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Recreational Vehicle Park Terms to Know
Recreational vehicles are a popular choice among people hungry for adventure. RV users never stay in one place. They move from site to site and park at specialized camp grounds for the night. For people who want to travel and see the outdoors, recreational vehicles are the ideal accommodation. Trailers and RVs can be found on sale at retail stores or second hand. If this sounds like an appealing form of lodging to you, you're not alone. There are over thirteen thousand privately owned RV parks in America. These camps are a good place to hookup electrical gadgets and refill on supplies like water. So before you make ground at your first RV camp, take a minute to learn some recreational vehicle terminology.
Trailer - Not all RVs are trailers. Trailers technically do not have their own engines. You need to pull a trailer with another vehicle, preferably a truck with great tow capacity. If you are pulling a trailer behind your car for the first time, be sure to read signs about where to park carefully or you might get your new unwieldy vehicle stuck.
WiFi - Wireless internet connection popular among recreational vehicle users. If you want to access the world wide web from your camp site, you're going to need a nearby signal.
Family Motor Coach Association - International organization of families and persons who own and enjoy RVs.
Blackwater Tank - Tank that holds the RV's sewage. When the blackwater tank gets full, the owner must empty it using a hose at an RV park.
Full Hookup - A camp site with all the necessary amenities including electricity, water and sewage management.
Recreational vehicles are large vehicles like campers, motor homes, and even trailers that can be hooked up the back of a truck or van. They often serve as a home away from home for the owner, offering a great opportunity to road trip across the country, or for a simple camping trip, while still keeping many of the daily amenities that they are used to. To accommodate these travelers, there are RV parks located across the country.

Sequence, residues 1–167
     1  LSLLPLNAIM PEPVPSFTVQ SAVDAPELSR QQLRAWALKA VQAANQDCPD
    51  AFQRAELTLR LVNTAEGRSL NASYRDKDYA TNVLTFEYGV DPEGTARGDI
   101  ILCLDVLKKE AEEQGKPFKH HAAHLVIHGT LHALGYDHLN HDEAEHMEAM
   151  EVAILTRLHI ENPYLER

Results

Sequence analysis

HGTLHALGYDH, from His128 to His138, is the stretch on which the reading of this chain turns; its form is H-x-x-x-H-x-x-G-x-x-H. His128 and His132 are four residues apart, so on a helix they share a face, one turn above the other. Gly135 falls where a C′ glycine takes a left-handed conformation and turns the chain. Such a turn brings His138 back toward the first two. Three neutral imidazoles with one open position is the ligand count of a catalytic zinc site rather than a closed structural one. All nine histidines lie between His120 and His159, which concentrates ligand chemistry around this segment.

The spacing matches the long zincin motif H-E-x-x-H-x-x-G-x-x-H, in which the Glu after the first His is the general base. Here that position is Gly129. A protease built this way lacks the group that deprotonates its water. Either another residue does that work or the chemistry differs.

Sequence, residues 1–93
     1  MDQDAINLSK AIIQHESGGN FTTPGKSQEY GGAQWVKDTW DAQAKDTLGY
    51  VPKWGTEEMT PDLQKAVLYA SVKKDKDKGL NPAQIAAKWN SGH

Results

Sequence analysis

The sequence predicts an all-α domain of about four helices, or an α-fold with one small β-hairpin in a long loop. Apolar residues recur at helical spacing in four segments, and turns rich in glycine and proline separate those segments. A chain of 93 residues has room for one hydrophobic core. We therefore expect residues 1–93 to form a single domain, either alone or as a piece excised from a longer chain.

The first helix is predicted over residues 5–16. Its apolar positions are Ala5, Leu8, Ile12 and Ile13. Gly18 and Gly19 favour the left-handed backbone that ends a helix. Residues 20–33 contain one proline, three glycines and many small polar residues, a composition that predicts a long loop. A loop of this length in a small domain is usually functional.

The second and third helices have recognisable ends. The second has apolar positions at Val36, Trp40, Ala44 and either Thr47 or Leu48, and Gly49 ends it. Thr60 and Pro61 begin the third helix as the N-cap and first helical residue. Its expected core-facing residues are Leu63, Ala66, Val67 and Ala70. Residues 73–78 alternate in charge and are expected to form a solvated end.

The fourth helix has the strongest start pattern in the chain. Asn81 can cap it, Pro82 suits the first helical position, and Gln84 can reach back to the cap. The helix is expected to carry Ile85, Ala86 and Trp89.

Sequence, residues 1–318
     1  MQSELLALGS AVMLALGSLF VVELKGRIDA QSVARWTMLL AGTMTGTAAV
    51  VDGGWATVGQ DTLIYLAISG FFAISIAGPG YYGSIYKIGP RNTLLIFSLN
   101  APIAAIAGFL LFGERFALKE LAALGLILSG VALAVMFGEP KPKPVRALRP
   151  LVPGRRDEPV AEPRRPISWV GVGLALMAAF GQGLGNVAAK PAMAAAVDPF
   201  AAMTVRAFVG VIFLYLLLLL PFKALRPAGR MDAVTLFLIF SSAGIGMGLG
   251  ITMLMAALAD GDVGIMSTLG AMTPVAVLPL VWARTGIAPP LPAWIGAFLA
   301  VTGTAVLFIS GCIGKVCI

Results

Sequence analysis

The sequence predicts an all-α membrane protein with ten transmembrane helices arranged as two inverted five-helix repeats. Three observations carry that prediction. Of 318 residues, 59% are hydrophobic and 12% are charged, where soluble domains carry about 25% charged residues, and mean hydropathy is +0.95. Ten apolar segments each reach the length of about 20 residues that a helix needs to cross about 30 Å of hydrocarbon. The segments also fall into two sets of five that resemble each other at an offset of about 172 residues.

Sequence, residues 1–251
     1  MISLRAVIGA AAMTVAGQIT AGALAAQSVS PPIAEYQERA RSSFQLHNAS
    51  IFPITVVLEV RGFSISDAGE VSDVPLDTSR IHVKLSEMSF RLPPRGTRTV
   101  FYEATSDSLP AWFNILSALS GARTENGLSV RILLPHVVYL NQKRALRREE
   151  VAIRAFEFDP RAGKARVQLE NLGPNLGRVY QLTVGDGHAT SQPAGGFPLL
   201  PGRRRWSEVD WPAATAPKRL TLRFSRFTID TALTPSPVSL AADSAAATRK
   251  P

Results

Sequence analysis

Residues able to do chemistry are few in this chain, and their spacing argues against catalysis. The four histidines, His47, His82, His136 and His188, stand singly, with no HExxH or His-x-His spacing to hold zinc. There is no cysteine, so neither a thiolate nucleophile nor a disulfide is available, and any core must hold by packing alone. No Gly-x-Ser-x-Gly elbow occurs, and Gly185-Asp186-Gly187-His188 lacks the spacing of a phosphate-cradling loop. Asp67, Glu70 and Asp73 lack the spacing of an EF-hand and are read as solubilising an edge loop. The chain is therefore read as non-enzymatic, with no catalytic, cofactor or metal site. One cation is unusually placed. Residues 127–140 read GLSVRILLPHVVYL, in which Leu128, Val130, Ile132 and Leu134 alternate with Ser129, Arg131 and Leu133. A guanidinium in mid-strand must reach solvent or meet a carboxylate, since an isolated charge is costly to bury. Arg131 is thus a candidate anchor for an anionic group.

RV parks provide recreational vehicle owners with spaces to park their RVs or trailers, either just for the night, or for the entire camping trip. Depending on the facility, different accommodations will be available. Each park will have several different sites for each individual RV, and may also offer outdoor camping grounds for tents, cabins and other lodgings. Nicer accommodations will also have places where RVs and hookup campers can attach to electrical wiring, sewage lines, water, and even wireless internet. However, many grounds only offer the basics, like water and sewage lines. For electrical power, most recreational vehicles have generators that they use to power stoves, heating, cooling, and more.
Different recreational vehicle sites will also have different rules and regulations. For instance, some may allow pets, while others do not. Also, high end resorts may even limit the kind of RV that can stay there, keeping up their reputation of exclusivity. Find out more about the history of RV parks in the United States by visiting some local sites, and by searching online.